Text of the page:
The Church's Mission

A comment in church yesterday spun my mind into a million different directions about the worldwide Church and her mission.

My neck of the woods is heavily populated by Christians so much so that many would argue the public schools are comparable to private Christian schools in other parts of the country.

Church is looked at as a necessity for Sunday morning worship, Wednesday night youth group, throw in a small group another night, and then a committee meeting every other week and call it good.

Literally the entire town shuts down every Sunday, oh except for that one grocery store the town was in uproar over when it decided to open after church a few years ago. Oh and don't even think about mowing your lawn or shaking out the rugs, you will instantly become the town's gossip next Sunday during fellowship hour.

Don't get me wrong, what a blessing it is to be surrounded by such a rich body of  believers seeking to invest and love one another through their community however, what really is the mission of the Church?

The taste I have been getting lately in my mouth is exclusive, uppity, and ritualistic. While I believe wholeheartedly in the strengthening and edifying of the body of Christ, I am afraid we are leaning so far in that direction that we are forgetting to reach out, make disciples, and open our door to outsiders.

Instead of seeking out the lost, broken, discriminated, lonely, homeless, and marginalized like Jesus did we sit and stay content in our million dollar sanctuaries filled with white middle to upper class families singing Christianized self-fulfilling praise songs with others who have grown up in the Church their whole lives and look quite similar to us.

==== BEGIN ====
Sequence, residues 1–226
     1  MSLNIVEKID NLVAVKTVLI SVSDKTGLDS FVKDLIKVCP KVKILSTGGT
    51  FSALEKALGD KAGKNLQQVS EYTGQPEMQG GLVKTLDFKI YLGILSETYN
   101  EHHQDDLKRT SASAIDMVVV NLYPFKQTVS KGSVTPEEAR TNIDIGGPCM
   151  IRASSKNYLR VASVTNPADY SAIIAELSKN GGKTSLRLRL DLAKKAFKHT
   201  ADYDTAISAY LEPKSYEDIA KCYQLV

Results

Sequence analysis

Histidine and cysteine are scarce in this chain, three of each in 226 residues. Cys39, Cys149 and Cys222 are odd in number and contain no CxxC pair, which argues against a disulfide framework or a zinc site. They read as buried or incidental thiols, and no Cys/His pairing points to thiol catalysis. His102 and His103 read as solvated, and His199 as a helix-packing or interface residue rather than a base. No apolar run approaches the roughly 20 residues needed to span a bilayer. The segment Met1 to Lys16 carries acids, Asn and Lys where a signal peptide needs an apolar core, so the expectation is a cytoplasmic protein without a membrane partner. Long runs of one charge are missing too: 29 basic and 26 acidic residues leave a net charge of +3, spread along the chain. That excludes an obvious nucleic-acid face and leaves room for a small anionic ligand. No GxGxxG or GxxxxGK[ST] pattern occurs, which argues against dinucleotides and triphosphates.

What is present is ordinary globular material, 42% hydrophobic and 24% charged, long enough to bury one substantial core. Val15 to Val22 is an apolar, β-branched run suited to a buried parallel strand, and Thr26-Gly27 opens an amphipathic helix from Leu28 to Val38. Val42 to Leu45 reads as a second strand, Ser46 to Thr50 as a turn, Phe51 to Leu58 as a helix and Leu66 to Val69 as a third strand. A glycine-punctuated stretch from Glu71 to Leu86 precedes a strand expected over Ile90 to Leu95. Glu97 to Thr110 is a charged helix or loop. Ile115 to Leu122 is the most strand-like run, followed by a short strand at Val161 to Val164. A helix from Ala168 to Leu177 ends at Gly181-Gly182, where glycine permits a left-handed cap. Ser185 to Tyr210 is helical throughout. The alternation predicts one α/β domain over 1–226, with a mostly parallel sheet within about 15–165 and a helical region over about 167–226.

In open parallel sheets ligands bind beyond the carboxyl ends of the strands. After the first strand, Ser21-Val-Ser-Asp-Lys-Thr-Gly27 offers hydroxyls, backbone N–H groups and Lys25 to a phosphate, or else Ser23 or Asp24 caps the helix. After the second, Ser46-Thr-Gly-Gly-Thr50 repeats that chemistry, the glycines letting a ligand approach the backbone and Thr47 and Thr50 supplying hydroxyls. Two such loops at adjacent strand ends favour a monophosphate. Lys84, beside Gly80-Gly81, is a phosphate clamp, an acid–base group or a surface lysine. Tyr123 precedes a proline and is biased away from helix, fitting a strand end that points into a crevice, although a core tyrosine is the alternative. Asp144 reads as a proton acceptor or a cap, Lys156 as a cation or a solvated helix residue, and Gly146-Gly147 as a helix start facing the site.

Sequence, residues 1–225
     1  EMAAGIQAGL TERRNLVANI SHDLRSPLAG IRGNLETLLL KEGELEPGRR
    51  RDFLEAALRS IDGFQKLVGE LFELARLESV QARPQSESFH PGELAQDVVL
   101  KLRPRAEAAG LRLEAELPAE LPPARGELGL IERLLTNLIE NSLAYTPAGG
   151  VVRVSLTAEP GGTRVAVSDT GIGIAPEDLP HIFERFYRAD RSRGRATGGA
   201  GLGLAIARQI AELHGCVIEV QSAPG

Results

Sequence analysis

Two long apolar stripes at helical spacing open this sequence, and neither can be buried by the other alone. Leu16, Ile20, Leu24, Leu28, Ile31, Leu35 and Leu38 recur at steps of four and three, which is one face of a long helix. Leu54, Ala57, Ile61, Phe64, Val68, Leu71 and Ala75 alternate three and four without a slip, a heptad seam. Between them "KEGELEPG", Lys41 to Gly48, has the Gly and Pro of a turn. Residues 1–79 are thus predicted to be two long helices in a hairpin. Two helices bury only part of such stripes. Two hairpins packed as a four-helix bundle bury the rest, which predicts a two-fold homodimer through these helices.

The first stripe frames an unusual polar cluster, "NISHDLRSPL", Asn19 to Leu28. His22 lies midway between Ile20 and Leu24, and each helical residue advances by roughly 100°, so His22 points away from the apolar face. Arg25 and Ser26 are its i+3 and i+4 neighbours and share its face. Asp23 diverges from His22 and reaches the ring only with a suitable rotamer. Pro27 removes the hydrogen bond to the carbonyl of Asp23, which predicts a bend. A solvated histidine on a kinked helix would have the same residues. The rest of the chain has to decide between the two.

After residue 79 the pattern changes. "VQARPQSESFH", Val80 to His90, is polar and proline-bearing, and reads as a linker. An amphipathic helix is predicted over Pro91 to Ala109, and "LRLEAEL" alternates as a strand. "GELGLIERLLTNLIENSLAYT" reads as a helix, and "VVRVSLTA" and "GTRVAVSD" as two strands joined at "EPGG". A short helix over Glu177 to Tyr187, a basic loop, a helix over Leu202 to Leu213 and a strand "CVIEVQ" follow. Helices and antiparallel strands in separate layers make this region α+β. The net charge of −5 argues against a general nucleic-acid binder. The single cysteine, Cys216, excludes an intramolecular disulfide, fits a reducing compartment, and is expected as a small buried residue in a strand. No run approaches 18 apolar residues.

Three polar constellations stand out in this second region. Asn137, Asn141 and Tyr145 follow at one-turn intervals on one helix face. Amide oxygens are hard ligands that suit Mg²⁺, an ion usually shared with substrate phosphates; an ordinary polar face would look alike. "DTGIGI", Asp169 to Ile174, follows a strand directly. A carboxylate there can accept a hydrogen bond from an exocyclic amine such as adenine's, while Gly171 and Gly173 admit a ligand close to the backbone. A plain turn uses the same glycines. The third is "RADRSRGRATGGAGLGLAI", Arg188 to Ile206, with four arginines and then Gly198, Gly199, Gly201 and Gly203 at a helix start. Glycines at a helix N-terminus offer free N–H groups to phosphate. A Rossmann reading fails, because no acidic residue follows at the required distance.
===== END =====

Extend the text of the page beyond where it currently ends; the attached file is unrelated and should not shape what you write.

"We must allow ourselves to be rescued  by those who live in poverty, by those who suffer. Let them teach us about the heart of God. We believe we have everything, but we so often lack the very things that are most valuable. Things that can be learned in companionship with those who suffer and mourn and yet celebrate with abandoned joy, those who find community and family in the most unlikely places (Sarah Lance)."

Are we seeking to satisfy Christians or Christ? Is our outreach a mission aimed towards those other Christians who go to that other Church or are we living alongside the poor and powerless demonstrating Christ's redeeming work in the world? Are we so fixated on sin that we cannot love a daughter or son of our Father purely with mercy and trust that the Lord ultimately forgives and reconciles all through the blood of His son?

Beloved Church, may we love all, not simply those who live, act, and look like us.

Body of Christ, what would it look like if our words and actions were done out of grace and love rather than beaten down rugged works and rituals?

Brothers and sisters does it really matter if I hang my laundry outside on a Sunday? Why must we judge, discriminate, and patronize over such small insignificant moments? What if we spent that time loving, learning, and listening?

I believe in you Church, I always will.

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